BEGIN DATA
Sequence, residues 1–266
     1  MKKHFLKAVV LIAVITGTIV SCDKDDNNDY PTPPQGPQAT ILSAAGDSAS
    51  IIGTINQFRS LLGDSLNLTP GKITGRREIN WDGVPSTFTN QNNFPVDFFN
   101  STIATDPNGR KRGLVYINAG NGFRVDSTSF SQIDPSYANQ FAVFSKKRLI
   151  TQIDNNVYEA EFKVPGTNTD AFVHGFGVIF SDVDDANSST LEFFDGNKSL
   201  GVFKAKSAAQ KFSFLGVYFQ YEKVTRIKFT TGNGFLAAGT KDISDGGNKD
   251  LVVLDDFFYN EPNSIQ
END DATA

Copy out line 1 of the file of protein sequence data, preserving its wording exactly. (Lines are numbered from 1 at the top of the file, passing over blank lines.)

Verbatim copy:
Sequence, residues 1–266